U Po Kyin's campaign against Dr. Veraswami turns out to be intended simply to further his aim of becoming a member of the European Club in Kyauktada. The club has been put under pressure to elect a native member and Dr. Veraswami is the most likely candidate. U Po Kyin arranges the escape of a prisoner and plans a rebellion for which he intends that Dr. Veraswami should get the blame. The rebellion begins and is quickly put down, but a native rebel is killed by acting Divisional Forest Officer, Maxwell. A few days later, the body of Maxwell is brought back to the town. This creates a tension between the Burmese and the Europeans, exacerbated by a vicious attack on native children by the spiteful Ellis. A large riot begins and Flory becomes the hero for bringing it under control with some support by Dr. Veraswami. U Po Kyin tries to claim credit but is disbelieved and Dr. Veraswami's prestige is restored.
Verrall leaves Kyauktada without even saying goodbye to Elizabeth and she falls for Flory again. Flory is happy and plans to marry Elizabeth. However, U Po Kyin has not given up; he hires Flory's former Burmese mistress to create a scene in front of Elizabeth during the sermon at Sunday church. Flory is disgraced and Elizabeth refuses to have anything more to do with him. Overcome by the loss and seeing no future for himself, Flory commits suicide.
Dr. Veraswami is demoted and sent to a different district and U Po Kyin is elected to the Club. U Po Kyin's plans have succeeded and he plans to redeem his life and cleanse his sins by financing pagodas. He dies of apoplexy before he can even start on building and his servant envisages him returning to life as a frog. Elizabeth eventually marries Macgregor, the Deputy Commissioner. --Wikipedia --This text refers to the Hardcover edition.See all Editorial Reviews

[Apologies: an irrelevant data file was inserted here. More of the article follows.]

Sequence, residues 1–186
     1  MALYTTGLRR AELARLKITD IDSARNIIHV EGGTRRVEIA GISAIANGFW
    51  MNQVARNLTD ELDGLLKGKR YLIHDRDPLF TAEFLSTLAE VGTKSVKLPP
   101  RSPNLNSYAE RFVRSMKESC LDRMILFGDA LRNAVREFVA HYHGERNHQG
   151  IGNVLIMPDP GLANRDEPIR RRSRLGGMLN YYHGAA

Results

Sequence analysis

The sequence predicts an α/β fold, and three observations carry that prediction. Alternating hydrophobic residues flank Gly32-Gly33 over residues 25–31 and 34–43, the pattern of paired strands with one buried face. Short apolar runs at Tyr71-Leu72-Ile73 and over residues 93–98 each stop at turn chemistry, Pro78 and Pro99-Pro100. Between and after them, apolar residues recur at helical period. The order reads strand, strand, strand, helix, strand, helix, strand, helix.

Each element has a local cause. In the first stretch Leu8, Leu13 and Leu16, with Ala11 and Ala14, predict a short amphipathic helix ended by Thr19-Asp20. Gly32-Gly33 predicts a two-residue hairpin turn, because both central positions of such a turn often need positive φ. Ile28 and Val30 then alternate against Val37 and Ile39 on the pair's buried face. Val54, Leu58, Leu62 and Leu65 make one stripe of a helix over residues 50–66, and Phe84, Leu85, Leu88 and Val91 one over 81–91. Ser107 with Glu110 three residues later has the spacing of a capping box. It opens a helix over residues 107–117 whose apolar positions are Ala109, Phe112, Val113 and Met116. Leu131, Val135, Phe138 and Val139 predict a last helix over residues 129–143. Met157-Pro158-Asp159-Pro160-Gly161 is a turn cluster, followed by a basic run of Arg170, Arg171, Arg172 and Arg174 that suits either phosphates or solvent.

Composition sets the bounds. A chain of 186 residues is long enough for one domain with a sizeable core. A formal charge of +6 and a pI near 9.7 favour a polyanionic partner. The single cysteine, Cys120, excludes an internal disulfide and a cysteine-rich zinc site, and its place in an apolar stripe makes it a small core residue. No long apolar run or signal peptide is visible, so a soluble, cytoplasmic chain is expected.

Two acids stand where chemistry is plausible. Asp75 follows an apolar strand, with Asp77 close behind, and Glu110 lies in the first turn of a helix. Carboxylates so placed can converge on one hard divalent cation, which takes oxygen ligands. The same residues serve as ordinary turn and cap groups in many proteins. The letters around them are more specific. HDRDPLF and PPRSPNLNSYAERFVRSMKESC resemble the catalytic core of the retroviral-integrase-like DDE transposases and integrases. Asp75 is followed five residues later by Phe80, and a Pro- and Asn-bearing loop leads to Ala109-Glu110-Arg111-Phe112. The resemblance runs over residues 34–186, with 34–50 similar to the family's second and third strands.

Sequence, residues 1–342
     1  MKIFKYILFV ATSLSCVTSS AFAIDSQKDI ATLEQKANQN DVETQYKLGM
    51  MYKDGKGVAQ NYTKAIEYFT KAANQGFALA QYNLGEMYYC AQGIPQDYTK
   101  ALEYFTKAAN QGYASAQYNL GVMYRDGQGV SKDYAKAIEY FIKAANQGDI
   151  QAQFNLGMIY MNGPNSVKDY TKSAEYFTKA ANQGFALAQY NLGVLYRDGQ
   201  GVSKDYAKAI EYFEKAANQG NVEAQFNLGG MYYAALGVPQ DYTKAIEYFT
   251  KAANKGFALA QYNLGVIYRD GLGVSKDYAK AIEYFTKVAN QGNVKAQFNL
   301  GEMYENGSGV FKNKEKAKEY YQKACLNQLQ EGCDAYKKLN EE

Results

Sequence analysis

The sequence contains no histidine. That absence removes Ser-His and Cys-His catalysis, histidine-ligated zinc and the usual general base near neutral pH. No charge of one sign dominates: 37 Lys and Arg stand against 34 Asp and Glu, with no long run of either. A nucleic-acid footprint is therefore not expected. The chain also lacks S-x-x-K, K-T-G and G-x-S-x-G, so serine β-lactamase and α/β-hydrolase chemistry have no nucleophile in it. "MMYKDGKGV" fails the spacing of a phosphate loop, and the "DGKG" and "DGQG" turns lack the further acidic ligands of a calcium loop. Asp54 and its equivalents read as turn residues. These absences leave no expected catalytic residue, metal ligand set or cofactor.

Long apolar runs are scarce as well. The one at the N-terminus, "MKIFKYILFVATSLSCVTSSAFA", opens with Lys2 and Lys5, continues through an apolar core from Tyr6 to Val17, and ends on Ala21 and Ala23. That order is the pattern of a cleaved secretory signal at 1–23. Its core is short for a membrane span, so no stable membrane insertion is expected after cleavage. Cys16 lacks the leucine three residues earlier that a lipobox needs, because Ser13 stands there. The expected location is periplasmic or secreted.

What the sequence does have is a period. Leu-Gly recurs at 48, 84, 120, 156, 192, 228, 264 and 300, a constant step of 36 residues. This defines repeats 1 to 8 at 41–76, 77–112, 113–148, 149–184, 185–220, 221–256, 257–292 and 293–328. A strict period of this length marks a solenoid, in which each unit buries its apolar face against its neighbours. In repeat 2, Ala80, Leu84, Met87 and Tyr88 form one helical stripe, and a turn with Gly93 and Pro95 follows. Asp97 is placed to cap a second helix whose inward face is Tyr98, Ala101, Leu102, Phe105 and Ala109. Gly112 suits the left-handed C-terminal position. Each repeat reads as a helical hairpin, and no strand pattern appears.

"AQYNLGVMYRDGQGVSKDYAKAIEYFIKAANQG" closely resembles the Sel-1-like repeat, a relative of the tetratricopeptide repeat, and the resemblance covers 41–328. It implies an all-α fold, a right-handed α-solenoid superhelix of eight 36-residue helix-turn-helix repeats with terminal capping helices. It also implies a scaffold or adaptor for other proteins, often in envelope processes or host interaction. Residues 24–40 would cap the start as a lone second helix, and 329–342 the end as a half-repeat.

If you haven't read 1984 yet read this. If you have read this anyway.Published 2 days ago by Alec Kimball
Because I am so impressed with this stunning book, I came back to Amazon to read the reviews and was totally nonplussed to read the Wikipedia review which gives the ending. Read morePublished 14 days ago by Susan Mellups
Burmese Days is disturbing. You quickly understand that the author is using the novel to reveal the nature of the British Colonial system in Burma. Read morePublished 16 days ago by Anne M Chappel
Kind of awful. Just read it because I was going to Burma. There are so many better books that give you a colorful perspective on the social landscape and country and general.Published 19 days ago by Nerina McDonald
Plodding,slow, I expected more from the writer of "Animal Farm" and "1984".Published 22 days ago by Amazon Customer
Orwell is a well-known author; it is interesting to trace his concerns and his development as a thinker and writer in this book as well as his others.Published 28 days ago by A.C. Westfall
Ripe with spelling and grammar errors though, irritating. Maybe different publishers have better editions. Do a little research. Read more
This has long been my favorite of his novels. I grew up in SE Asia & before I get through the 1st paragraph, I'm there again. Read morePublished 1 month ago by max maynard
Anyone who has lived in a remote location in the developing world will recognize the atmosphere and the types of characters Orwell creates in Burmese Days. Read morePublished 1 month ago by Onowhereman